As the constitutional impasse continues and people reflect on five years of country status, a remark made by NA leader William Marlin on Oral Gibbes Live caught the attention. He was talking about political instability and the phenomenon of “ship-jumping” that has been so prevalent since 10-10-10.
In his opinion a revision made to the electoral laws whereby seats – then in the Island Council and now in Parliament – are given out according to the number of individual votes and no longer according to positions on candidate lists has something to do with it. Marlin said this even though it was his late party colleague Edgar Lynch who championed the adjustment because it was considered more democratic, which takes nothing away from the fact that the deceased is generally recognised as having been a genuinely honest, able and kind politician.
The point is that in the past people usually earned their positions high on the lists with a greater chance of being elected into office over time not only based on their personal support, but also loyalty to the party, its principles, ideology, leaders, board and membership. This automatically meant a greater degree of structure and control within local political organisations.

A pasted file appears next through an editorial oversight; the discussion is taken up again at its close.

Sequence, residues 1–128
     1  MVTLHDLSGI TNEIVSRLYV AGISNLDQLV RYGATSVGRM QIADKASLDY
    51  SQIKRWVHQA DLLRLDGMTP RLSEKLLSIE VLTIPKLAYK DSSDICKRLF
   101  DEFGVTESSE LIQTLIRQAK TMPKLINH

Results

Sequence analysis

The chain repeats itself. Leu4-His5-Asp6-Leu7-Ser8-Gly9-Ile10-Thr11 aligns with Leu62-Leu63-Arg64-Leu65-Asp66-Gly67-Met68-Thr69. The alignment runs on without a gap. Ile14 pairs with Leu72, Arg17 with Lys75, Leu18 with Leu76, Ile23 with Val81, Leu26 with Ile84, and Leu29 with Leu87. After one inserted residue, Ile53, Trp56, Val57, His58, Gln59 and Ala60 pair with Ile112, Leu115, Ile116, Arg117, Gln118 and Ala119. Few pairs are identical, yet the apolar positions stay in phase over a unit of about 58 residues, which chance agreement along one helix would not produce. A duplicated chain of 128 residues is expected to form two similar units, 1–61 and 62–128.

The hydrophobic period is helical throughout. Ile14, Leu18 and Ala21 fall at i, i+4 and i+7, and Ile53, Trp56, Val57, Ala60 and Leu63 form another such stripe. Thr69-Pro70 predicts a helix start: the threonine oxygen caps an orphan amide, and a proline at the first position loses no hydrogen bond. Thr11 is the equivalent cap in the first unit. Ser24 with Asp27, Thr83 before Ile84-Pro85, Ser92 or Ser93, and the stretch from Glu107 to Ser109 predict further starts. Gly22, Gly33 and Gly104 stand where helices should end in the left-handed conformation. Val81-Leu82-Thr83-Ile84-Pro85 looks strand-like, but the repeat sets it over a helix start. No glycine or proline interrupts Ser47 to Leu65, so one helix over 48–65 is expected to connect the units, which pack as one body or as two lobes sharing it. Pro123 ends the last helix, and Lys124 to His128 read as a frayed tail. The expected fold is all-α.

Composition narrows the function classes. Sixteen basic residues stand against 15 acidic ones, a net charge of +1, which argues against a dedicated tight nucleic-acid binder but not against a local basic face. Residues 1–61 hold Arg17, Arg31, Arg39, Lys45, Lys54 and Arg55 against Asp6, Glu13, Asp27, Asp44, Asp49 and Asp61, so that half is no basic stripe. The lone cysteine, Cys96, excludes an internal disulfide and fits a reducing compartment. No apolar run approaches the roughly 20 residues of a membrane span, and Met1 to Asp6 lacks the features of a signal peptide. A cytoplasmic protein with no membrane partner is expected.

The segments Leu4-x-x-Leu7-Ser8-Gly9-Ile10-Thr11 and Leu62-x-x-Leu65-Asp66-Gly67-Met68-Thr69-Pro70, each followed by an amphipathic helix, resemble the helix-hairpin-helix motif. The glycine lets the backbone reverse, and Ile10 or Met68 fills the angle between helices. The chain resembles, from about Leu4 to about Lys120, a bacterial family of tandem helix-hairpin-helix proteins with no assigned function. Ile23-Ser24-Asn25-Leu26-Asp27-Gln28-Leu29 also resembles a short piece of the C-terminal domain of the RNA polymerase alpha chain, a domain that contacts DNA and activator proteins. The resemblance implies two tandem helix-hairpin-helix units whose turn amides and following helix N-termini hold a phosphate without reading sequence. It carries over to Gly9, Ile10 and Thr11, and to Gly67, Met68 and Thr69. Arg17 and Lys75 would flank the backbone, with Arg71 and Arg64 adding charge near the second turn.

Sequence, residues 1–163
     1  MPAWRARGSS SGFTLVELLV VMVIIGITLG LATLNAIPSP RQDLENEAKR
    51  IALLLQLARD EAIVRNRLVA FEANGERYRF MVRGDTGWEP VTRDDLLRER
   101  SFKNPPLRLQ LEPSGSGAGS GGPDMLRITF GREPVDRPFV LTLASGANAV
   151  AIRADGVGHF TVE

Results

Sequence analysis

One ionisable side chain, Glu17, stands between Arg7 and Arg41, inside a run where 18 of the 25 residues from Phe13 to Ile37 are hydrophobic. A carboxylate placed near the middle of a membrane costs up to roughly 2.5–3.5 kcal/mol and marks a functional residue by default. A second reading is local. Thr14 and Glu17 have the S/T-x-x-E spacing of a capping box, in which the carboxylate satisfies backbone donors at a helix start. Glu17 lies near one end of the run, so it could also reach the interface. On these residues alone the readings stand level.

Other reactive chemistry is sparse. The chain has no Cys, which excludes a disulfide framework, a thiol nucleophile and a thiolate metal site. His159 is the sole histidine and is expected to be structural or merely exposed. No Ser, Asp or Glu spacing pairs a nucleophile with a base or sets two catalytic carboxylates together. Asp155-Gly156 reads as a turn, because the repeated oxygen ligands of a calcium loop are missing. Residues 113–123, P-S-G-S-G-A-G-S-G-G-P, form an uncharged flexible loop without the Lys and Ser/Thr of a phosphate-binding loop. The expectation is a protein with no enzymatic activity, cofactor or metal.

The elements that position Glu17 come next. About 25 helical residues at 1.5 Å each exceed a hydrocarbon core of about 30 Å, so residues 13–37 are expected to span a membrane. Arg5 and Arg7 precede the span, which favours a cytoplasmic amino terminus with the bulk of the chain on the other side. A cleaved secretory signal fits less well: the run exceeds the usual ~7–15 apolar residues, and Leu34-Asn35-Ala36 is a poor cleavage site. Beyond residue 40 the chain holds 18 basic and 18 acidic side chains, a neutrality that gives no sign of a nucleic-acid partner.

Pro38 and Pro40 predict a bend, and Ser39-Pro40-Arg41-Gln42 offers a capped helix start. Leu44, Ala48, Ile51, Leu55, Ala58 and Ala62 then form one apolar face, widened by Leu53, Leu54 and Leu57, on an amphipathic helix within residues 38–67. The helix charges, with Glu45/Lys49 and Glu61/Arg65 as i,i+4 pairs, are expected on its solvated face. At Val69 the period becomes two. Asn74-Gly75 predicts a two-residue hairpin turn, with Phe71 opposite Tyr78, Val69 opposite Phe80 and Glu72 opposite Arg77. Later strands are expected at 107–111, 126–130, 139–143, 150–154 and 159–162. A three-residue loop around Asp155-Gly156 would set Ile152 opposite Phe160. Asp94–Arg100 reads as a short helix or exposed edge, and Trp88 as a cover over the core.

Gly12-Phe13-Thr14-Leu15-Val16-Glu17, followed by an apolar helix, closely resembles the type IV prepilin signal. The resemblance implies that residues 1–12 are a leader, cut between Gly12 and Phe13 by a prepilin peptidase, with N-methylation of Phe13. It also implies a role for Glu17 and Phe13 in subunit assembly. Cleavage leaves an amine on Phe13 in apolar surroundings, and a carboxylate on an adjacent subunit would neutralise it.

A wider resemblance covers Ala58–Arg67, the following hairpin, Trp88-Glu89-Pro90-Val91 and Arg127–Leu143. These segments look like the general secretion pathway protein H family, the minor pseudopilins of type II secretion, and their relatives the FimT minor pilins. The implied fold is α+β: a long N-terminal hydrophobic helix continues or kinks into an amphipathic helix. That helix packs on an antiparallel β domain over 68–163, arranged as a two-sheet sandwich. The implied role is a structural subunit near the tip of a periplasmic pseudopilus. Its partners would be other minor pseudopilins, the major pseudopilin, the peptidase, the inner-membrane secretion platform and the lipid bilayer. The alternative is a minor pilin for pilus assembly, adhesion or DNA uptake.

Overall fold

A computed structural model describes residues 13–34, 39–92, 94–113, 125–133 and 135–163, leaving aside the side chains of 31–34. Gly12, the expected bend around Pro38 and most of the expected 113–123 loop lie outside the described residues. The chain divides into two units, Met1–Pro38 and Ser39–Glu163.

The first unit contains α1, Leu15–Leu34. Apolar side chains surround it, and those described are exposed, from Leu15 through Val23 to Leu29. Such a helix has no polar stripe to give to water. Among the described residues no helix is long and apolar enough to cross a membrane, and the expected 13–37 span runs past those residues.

The way things are now, it was explained, budding politicians tend to pick and choose whatever slate gives them the best shot at a seat, based, for example, on how many other major vote-getters expected to do well are already on it. As a result, these persons tend to represent first and foremost themselves, not so much the party they use as their platform.
A lot has been said about the rule that seats in the legislature in effect belong to those occupying them as a contributing factor to the current problems. However, any system whereby members are forced to resign in case of a conflict with the party or its fraction goes against the oath they take to act always in their own good conscience.
On the other hand, the aforementioned “Lynch Law,” as it is often called, conceivably could be reversed quite easily, to help political organisations regain the relative strength they once had. This might allow them to improve their structure and practices too, so they may become the kind of modern, transparent and above all dependable parties that most voters probably would like to see.
The “new majority” now in place would do well to look into this matter seriously and see what can be done. Otherwise, one has to fear there will be no real, lasting change after future elections either.